Even Slightly Lower Credit Scores Can Cost You a LOT of Money

Even Slightly Lower Credit Scores Can Cost You a LOT of Money

Typically, when we talk about credit repair, the scenario people will picture is someone with REALLY bad credit getting help to improve their scores.  Yes, this is a situation that we tackle each and every day.  We’ve taken thousands of clients and brought their scores up from the “basement” into the “penthouse”.

However, there is another scenario that people don’t tend to consider, even though it can cost a consumer thousands and thousands of dollars annually.

Let’s consider a situation where your scores aren’t horrible, they are just a little bit low.  Perhaps they are in the range of 580-620 due to a few late payments in the past 12-24 months or an old collection account that continues to linger.  With scores in this range, you probably could find a lender willing to extend you credit for a car or perhaps even a home.  You might even be happy to discover that you qualify for the financing and credit repair never really crosses your mind.

But here’s what you need to understand…

Because your scores are near the bottom of what is acceptable by lenders, they will perceive you to be a bigger risk.  That means they will charge you significantly higher interest rates.  You know those low rates you hear about on TV and the radio?  You won’t get those rates.  You’ll get rates that could be a full percentage point higher, or more!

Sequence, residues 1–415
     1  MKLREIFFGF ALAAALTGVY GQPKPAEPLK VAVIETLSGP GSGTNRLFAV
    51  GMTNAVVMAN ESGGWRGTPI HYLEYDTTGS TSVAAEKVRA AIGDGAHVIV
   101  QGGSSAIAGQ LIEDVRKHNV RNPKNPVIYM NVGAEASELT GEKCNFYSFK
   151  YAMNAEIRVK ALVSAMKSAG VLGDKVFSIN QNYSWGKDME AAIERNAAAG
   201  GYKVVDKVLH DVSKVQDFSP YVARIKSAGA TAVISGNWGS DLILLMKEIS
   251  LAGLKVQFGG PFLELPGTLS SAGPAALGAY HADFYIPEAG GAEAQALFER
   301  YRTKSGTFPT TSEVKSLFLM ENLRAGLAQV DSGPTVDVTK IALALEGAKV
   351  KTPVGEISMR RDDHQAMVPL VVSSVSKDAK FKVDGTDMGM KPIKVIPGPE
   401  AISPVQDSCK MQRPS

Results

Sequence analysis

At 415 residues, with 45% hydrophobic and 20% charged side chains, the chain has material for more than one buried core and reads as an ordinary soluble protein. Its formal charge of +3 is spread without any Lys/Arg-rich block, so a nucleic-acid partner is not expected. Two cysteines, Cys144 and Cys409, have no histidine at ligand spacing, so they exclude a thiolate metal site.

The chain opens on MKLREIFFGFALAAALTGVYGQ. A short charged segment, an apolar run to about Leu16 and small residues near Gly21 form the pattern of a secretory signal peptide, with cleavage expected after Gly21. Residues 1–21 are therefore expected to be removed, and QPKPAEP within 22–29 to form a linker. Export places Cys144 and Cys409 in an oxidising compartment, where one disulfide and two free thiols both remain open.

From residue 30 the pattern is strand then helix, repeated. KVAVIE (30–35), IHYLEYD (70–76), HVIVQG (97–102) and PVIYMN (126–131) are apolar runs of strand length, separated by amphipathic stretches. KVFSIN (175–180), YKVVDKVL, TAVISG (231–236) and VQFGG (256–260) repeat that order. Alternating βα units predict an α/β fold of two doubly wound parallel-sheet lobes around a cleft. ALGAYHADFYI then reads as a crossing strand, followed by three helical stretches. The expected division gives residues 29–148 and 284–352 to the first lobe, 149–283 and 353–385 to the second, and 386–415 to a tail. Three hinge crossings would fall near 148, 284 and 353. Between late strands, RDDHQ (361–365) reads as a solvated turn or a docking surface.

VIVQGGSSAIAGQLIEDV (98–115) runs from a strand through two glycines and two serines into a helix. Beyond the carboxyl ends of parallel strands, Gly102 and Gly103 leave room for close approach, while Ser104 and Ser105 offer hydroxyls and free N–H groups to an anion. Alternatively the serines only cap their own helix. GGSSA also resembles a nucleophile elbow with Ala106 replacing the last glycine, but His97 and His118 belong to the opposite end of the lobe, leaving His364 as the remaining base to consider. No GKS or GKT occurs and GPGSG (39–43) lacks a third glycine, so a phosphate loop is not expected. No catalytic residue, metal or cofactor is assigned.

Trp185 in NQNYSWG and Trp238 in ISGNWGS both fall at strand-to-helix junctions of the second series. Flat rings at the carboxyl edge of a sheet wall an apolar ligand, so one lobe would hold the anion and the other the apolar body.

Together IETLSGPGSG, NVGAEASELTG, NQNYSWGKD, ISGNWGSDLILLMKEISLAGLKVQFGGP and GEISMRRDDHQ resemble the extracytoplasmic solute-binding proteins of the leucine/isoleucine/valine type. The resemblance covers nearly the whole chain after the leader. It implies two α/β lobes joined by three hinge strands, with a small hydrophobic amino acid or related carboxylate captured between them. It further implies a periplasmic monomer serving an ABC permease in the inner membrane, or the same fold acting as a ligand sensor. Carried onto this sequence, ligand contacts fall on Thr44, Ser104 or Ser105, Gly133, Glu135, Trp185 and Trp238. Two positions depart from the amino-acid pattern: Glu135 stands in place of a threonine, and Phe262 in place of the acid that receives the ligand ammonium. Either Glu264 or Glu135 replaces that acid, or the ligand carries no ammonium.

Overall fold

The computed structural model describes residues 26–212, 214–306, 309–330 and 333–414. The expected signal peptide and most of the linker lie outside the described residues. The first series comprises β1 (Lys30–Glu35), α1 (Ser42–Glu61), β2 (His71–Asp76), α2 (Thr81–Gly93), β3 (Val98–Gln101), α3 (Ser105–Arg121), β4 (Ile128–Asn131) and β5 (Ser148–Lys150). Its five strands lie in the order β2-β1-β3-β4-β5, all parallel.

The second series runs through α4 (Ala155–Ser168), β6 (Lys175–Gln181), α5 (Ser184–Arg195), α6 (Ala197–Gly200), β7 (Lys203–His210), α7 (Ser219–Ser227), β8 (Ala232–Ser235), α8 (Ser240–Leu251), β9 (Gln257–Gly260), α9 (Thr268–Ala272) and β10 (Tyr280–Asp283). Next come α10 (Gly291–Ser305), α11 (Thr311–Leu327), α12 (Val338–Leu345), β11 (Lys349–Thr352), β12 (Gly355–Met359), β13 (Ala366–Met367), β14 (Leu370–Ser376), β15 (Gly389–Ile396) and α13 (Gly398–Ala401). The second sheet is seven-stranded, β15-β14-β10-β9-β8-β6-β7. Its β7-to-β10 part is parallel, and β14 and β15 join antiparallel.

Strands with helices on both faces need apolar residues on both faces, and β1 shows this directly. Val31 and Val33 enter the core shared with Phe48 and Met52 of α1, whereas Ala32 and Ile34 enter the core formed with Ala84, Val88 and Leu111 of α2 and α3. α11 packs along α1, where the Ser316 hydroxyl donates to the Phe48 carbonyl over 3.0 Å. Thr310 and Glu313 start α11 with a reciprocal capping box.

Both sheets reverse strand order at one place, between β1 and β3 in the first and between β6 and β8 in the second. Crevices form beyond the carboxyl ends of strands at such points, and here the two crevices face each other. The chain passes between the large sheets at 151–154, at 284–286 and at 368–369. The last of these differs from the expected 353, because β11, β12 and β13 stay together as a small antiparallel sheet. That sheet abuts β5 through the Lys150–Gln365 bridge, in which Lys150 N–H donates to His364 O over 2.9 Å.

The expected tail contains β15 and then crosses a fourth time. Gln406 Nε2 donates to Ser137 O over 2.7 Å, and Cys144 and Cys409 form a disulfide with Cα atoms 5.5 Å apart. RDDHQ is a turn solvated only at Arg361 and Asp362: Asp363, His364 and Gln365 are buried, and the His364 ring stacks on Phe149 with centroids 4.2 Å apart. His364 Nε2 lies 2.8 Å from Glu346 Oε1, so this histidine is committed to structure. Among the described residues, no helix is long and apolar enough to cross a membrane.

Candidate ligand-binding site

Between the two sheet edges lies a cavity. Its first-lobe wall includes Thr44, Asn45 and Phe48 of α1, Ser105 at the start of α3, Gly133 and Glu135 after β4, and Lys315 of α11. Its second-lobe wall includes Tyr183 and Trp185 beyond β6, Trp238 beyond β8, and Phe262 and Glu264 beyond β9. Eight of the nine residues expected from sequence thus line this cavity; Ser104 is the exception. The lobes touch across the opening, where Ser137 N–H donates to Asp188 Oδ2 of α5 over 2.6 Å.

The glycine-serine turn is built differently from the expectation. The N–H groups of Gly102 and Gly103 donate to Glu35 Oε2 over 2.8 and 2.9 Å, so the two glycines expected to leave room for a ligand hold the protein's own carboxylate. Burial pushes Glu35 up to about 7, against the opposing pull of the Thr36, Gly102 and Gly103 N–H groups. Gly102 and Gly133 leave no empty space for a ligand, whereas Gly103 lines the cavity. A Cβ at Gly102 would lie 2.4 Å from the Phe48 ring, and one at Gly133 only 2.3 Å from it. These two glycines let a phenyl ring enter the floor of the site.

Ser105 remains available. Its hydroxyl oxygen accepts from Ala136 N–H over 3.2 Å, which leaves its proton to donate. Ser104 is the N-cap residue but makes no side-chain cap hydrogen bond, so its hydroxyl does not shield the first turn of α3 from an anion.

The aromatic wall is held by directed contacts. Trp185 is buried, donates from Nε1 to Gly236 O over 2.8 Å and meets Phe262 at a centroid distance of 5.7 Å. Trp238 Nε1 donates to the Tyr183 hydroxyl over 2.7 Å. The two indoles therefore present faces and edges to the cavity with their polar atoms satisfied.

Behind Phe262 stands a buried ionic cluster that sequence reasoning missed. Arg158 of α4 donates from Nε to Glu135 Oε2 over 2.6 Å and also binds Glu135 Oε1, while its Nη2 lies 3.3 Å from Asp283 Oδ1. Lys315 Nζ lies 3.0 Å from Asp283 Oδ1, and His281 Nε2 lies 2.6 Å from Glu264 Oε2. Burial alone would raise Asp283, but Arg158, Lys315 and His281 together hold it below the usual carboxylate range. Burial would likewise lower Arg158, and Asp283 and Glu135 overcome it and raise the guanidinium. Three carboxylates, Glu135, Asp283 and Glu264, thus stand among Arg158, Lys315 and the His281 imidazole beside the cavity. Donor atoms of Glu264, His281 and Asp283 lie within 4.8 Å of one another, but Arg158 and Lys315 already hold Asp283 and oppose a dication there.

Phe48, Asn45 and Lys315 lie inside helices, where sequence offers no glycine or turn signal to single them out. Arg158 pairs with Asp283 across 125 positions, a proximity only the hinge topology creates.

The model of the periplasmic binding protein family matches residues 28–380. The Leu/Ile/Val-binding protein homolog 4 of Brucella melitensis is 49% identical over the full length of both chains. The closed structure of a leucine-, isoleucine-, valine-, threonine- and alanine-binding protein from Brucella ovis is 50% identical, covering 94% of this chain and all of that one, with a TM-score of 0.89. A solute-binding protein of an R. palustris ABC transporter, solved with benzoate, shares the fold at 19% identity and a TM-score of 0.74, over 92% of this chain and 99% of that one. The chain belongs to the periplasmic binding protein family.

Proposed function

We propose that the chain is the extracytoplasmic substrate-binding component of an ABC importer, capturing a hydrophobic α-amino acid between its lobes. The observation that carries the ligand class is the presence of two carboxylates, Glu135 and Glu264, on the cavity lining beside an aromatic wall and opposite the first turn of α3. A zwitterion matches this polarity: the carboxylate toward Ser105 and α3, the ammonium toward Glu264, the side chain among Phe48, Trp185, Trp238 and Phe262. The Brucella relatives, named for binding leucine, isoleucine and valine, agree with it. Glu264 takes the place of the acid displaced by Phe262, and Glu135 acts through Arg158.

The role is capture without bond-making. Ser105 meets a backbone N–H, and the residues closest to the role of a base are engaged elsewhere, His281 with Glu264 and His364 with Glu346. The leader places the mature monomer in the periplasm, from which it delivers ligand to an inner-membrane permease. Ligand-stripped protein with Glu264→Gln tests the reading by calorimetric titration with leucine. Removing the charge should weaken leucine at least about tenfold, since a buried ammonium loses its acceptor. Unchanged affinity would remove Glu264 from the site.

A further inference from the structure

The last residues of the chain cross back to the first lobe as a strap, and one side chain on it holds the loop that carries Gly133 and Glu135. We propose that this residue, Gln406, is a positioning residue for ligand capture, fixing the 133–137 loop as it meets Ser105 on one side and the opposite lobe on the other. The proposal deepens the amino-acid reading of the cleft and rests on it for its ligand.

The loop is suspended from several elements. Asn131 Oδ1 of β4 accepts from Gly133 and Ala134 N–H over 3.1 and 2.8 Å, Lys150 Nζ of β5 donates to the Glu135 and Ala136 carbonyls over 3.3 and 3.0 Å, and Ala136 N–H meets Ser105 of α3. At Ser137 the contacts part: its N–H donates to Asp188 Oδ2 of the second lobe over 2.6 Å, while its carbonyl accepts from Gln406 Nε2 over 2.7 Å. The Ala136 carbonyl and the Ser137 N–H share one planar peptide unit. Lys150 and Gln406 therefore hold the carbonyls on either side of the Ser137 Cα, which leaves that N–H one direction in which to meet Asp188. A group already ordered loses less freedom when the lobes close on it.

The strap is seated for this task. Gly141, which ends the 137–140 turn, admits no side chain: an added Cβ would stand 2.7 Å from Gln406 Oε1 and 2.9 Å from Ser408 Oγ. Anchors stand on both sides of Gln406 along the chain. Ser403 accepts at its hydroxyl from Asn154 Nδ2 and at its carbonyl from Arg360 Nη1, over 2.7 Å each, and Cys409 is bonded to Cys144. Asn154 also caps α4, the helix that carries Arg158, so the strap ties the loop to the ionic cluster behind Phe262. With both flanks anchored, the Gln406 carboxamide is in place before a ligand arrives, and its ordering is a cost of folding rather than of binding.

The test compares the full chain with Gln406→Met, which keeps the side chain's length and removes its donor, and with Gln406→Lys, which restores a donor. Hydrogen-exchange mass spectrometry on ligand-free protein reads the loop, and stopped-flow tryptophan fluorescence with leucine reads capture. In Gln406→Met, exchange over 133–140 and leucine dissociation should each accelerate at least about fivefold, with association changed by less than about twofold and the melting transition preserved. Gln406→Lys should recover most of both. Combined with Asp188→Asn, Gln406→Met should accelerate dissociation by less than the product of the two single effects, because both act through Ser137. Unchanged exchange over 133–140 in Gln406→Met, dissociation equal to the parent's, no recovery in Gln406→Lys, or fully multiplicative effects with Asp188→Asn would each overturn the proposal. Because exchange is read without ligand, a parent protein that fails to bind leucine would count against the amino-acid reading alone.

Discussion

So how does that affect your finances?

Well, if your home mortgage is around $300,000 and you end up paying just 1% higher due to your low credit scores, your monthly payment will be $150-200 higher than someone who has excellent credit (720+).  That’s $1800-2400 more every single year.   Over the life of the loan, you’ll pay $60,000 – $65,000 more.   Yes, it’s true that you could refinance the loan someday if your scores go up on their own, but what if interest rates are higher then?  You literally could be stuck overpaying for your mortgage for as long as you own the house.

But that’s not all…

Even if your scores are just “a little bit” low – perhaps around 640-660 – mortgage lenders will still charge you more than they would if your scores were above 720.  It’s just how it works!  People with lower credit scores pay more for financing.

Conversely, a few months in our program BEFORE you buy the house could get your credit scores up to the point where you could avoid the higher interest rates and save all of that money.   So paying a few hundred dollars now and taking a few months to improve your scores could save you years of higher payments.

We think it’s a “no-brainer”.  How about you?

Call us if you have any questions and we’ll explain exactly how our program works and how we get your scores into that “excellent” category!